The illustration above shows a Father, Mother and Son. They form a triangulated relationship in which alignments are formed and broken in fluid and sometimes difficult ways. Sometimes Mom and Dad align by agreeing on things that impact their son. Often, Mom and Dad may disagree. For example, one parent may have an authoritarian parenting style with high expectations for the child while the other parent may be permissive and indulge the child.
When the child gets what he wants from the permissive parent, this only intensifies the authoritarian approach of the other parent. An alliance gets formed between the child and the permissive parent which alienates the authoritarian parent. While this may feel validating to the permissive parent, the “cut-off” which results can have significant negative ramifications for the child and the family system.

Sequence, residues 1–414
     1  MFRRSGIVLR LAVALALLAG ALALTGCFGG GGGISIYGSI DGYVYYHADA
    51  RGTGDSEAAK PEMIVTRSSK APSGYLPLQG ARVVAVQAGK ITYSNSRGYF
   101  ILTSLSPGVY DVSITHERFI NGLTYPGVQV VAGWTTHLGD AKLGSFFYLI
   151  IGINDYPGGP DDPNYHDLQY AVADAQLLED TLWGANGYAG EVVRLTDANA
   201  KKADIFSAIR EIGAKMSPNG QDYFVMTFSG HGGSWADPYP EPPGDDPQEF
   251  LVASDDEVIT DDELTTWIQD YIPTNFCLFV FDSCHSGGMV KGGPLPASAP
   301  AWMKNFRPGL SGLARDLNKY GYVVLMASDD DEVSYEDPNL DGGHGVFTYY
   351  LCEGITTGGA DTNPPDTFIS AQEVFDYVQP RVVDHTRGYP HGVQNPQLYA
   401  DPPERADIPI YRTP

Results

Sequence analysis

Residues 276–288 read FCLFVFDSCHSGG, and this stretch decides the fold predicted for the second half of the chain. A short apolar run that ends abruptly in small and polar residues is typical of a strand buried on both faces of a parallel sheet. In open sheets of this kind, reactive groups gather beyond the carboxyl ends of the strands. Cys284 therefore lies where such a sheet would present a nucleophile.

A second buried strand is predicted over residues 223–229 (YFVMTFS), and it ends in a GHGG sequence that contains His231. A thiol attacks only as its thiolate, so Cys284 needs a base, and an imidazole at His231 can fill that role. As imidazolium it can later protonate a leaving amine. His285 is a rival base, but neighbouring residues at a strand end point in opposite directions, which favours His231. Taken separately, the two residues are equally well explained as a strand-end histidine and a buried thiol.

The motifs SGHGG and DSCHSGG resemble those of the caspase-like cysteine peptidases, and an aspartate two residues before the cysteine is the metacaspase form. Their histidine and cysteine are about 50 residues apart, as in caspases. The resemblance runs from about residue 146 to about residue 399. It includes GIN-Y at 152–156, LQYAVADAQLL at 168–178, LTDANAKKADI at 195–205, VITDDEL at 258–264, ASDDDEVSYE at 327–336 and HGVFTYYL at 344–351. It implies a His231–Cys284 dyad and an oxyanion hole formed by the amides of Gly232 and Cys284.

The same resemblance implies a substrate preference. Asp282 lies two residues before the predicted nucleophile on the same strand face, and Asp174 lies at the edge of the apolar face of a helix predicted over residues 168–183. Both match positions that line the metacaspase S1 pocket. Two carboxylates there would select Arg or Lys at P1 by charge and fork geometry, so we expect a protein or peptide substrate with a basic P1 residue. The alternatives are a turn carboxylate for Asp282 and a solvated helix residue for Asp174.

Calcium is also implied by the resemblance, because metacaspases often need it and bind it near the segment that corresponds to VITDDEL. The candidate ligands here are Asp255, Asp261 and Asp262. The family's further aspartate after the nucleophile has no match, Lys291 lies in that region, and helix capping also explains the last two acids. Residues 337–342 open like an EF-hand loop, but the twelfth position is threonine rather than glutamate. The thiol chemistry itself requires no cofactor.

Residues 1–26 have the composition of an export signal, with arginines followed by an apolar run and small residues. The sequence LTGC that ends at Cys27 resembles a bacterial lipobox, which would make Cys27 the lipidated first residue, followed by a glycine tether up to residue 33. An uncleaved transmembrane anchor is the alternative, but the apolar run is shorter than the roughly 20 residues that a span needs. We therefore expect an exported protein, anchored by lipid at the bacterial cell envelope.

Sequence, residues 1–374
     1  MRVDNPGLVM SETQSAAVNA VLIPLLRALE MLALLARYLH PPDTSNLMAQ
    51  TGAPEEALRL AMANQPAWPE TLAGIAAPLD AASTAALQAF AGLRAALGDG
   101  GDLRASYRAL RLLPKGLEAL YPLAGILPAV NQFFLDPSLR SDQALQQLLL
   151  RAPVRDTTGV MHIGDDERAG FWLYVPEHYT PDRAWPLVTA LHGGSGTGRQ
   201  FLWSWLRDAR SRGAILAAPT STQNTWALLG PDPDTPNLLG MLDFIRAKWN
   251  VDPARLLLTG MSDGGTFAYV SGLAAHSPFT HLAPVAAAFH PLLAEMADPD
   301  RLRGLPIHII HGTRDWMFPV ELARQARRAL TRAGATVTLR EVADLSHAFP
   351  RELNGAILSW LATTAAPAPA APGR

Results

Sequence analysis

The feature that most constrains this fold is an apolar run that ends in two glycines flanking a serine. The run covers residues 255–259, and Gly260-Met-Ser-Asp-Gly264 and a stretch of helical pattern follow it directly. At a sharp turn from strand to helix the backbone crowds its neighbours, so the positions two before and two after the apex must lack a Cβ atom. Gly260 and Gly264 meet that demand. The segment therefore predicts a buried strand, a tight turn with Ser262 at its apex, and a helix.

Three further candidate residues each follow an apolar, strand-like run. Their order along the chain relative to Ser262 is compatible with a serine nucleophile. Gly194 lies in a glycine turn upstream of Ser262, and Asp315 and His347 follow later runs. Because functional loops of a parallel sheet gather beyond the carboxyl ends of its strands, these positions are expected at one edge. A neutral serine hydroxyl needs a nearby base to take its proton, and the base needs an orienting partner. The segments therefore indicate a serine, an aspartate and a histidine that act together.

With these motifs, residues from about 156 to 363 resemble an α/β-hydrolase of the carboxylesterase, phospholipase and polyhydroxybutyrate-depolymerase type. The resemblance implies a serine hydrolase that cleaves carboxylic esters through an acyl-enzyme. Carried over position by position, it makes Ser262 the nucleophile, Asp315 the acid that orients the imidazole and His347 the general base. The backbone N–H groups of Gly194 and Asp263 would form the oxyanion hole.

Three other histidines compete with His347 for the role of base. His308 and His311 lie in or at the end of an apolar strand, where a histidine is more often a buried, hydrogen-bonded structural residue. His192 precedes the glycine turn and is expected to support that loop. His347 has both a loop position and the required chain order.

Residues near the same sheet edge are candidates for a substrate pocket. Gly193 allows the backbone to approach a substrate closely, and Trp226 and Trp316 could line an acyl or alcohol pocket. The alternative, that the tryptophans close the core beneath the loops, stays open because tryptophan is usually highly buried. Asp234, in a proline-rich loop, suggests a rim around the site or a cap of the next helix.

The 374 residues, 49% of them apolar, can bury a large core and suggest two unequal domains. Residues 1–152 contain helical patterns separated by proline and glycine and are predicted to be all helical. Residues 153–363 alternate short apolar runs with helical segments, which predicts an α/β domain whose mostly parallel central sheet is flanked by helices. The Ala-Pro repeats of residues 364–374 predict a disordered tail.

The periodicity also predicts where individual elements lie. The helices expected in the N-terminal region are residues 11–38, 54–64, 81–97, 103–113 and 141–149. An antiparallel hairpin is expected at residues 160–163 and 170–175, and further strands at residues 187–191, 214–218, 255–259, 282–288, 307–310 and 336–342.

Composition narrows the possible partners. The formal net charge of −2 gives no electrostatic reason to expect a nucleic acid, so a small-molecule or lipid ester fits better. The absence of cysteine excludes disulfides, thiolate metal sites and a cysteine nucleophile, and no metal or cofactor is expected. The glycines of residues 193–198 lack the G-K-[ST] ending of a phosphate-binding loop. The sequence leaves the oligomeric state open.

One way of understanding the impact of conflicting parental approaches is to imagine your child in a swimming pool. Parents who have conflicting parenting styles (permissive vs. authoritarian) put their child in a difficult spot, like being in the middle of a pool needing to get to the pools edge. In order to do so, the child must paddle hard. On the other hand, parents who share healthy parenting styles, unite and align. For the child, this is like starting from one end of the pool. It only requires a push off the wall to glide to the other side.
All children make use of triangulation without even knowing it. Little Suzy asks Dad if she can go play with her friend, Betty. Dad says, “Only after you finish your homework.” Unhappy with Dad’s decision, Suzy seeks out Mom who allows Suzie to go play with Betty right away. When Dad finds out that Suzie didn’t do her homework first, he’s angry. This can create tension between Dad and Mom.
When parents are separated or divorced, the dynamics of triangulation get played out in myriad ways. Good to be aware of this inevitable phenomena and explore ways to create “healthy triangulation” in your family system.